Another reason for the hate is that Shyamalan’s lows are very low. After The Village, the director went on to make the low-grossing Lady In The Water, which he said “freed him from the confines of filmmaking.” It centers on a water nymph who shows up in an apartment complex, and he cast himself in a huge role in the movie, as a writer who essentially saves the world with his work. Yikes. Next he made After Earth, which is hilariously and forever linked to the Smiths’ involvement in scientology, and finally, The Last Airbender, which saw him ruin a beloved cartoon franchise. These aren’t just flops, they’re mistakes. And if we’ve learned anything from pop culture it’s that low lows always overshadow high highs (Insert name of any female pop artist here.)

His public persona didn’t help.

On a personal level, Shyamalan presents himself as unlikeable, or at least weird, even for a director. To the point where he is almost inviting you to make fun of him. Not only did Shyamalan cast himself as “the chosen one” in Lady In The Water but he has given himself roles in almost all of his movies. And not just cameos. Like, good roles.

He also made a three-hour “unauthorized” documentary with the Syfy network about himself, but tried to present the movie as if he did not fund it. The film asserts that due to a childhood accident, Shyamalan has a connection to the supernatural. It was debunked as a publicity stunt.

And then there’s this American Express commercial he directed and starred in. So yeah, he’s not doing himself any favors.

Freddy Rodríguez and M. Night Shyamalan in Lady in the Water.
Freddy Rodríguez and M. Night Shyamalan in Lady in the Water. Warner Bros.

But maybe we just didn’t “get” his bad movies.

What if we contextualize Shyamalan’s movies as, “Straight Camp?” And no, I’m not referring to the place my parents wanted to send me that one summer (kidding!). Camp is when something is enjoyable because it is badusually ironically enjoyed by the LGBTQ community. But what about camp for straight people? Could his movies be that?

Mark Wahlberg speaking in a high-pitched voice for some reason in The Happening? Straight Camp. Adrien Brody’s tasteless depiction of a character with a learning disability in The Village? Straight Camp! Will and Jaden Smith’s characters being named Kitai and Cypher in After Earth? Yes! Camp, but for straight people. Love wins! His good movies are good, and his bad movies may be bad, but they’re midnight screening level bad…which makes them good, in a way.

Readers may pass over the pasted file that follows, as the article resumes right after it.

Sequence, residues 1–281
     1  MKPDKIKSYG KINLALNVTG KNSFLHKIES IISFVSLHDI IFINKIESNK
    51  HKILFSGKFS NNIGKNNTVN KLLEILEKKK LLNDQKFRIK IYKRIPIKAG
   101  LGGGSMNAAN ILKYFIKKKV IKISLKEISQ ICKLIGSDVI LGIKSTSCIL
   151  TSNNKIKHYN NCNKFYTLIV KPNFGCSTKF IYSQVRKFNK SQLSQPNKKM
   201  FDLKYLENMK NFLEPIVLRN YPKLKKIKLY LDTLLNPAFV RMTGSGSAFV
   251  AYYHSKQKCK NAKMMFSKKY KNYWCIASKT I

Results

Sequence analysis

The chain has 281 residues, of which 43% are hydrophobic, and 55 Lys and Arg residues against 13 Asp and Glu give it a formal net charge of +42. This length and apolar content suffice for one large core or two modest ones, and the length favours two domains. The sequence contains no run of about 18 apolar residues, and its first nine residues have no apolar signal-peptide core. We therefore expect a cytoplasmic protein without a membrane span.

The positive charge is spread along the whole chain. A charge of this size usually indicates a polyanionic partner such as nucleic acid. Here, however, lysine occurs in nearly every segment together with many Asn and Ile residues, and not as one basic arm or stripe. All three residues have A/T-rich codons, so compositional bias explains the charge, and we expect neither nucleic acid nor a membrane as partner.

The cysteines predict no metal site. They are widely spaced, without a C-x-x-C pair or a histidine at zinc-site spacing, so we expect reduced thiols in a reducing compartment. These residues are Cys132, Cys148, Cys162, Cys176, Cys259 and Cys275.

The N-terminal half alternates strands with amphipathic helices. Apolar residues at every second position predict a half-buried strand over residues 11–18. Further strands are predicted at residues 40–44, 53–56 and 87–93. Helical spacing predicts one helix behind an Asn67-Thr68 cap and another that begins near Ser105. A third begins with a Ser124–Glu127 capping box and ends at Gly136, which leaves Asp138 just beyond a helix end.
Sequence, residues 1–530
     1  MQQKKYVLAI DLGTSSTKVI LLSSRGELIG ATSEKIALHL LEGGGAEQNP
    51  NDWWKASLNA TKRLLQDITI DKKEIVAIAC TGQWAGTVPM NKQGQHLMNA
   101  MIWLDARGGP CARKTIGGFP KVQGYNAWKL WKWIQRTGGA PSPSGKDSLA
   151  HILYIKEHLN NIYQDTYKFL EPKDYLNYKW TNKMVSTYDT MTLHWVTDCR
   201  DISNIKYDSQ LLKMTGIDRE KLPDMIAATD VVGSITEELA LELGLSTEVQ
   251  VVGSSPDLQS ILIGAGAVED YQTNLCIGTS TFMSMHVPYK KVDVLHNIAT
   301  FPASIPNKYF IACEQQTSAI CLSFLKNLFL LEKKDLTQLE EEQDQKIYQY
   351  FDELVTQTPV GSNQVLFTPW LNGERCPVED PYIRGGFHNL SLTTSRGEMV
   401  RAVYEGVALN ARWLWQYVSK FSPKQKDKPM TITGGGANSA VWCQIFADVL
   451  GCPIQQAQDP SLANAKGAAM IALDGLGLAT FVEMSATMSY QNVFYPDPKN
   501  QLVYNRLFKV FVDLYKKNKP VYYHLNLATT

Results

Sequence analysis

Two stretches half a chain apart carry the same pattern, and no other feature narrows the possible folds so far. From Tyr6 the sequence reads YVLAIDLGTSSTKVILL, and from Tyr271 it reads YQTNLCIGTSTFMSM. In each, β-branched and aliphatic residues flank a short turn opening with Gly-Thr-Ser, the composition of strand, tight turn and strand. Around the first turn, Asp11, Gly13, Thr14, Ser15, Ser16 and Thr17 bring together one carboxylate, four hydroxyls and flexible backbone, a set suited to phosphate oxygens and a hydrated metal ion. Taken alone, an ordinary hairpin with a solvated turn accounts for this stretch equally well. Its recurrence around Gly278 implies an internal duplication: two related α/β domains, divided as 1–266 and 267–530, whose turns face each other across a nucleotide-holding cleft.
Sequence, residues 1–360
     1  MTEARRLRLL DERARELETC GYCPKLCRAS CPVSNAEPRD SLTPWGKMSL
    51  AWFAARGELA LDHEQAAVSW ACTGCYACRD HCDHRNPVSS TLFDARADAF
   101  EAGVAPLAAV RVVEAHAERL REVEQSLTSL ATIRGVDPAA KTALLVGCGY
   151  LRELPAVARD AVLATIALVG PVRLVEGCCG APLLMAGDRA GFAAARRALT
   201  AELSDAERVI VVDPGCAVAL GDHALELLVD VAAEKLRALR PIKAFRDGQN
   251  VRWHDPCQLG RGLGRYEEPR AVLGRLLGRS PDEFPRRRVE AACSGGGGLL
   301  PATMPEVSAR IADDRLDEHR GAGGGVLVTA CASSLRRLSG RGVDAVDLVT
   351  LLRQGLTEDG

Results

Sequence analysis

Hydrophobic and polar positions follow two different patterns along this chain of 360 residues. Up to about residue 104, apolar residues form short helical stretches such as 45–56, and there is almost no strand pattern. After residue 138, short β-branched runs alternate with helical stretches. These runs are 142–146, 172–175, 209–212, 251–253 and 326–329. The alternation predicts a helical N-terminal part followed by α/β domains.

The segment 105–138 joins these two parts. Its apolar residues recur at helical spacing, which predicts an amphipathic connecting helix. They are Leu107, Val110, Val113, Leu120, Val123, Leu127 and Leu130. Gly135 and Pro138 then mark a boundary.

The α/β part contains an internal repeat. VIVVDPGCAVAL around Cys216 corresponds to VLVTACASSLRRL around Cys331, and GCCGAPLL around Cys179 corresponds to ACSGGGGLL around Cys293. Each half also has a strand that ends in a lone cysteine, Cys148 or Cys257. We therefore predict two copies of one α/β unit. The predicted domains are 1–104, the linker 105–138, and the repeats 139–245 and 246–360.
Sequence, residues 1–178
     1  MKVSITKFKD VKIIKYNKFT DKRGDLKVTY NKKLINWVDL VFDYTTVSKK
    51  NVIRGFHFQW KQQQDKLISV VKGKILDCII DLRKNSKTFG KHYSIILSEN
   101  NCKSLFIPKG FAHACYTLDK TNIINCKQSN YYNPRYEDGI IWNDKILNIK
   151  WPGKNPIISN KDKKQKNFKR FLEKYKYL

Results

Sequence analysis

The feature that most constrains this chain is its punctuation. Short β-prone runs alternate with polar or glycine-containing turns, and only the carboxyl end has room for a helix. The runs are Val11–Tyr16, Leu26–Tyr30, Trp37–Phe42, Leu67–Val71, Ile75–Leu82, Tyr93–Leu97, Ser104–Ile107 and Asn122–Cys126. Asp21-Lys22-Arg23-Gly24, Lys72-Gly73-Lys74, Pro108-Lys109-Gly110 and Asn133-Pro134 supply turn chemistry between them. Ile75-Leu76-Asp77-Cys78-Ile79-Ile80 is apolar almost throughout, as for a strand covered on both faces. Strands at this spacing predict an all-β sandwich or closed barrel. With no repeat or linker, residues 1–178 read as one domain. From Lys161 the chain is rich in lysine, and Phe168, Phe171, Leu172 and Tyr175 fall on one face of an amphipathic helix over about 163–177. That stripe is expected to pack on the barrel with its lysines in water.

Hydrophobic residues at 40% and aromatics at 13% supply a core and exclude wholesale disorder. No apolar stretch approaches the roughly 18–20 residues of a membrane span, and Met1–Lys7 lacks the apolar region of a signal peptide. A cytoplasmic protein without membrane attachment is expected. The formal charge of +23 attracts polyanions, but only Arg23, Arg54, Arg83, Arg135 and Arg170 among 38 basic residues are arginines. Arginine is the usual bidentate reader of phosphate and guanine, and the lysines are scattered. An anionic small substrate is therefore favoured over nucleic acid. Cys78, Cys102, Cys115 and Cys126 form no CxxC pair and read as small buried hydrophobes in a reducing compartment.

Glass Movie Review
James McAvoy and Anya Taylor-Joy in Glass. Universal

And we didn’t realize when he started producing solid stories again.

Shyamalan went low-budget with his next movies, 2015’s The Visit (which he self-funded because no one believed in him by then) and 2017’s Split, which are both excellent and each made a significant box office profit, marking Shyamalan’s triumphant return. The Visit is a terrific, slept-on horror movie on par with The Orphan. And Split is a masterful exercise in simple storytelling. His new film, Glass, completes an enjoyable, cohesive and not Marvel- or DC-affiliated superhero trilogy 20 years in the making. He is without question making solid, thrilling movies again and has been for a minute.

Shyamalan is an undeniable talentmaybe ambitious to a fault, but he certainly has a distinct style that can result in truly excellent examples of filmmaking. Even his missteps are iconic and great “for the culture.” And when examined in context with directors who have done worse but are far more respected, like Michael Bay or Colin Trevorrow (seriously is anyone clocking what that guy is doing?), it seems unfair to keep him in the penalty box. It’s time to call it, 2019 is the year we should stop dunking on M. Night Shyamalan.

Why It’s Time to Stop Dunking on M. Night Shyamalan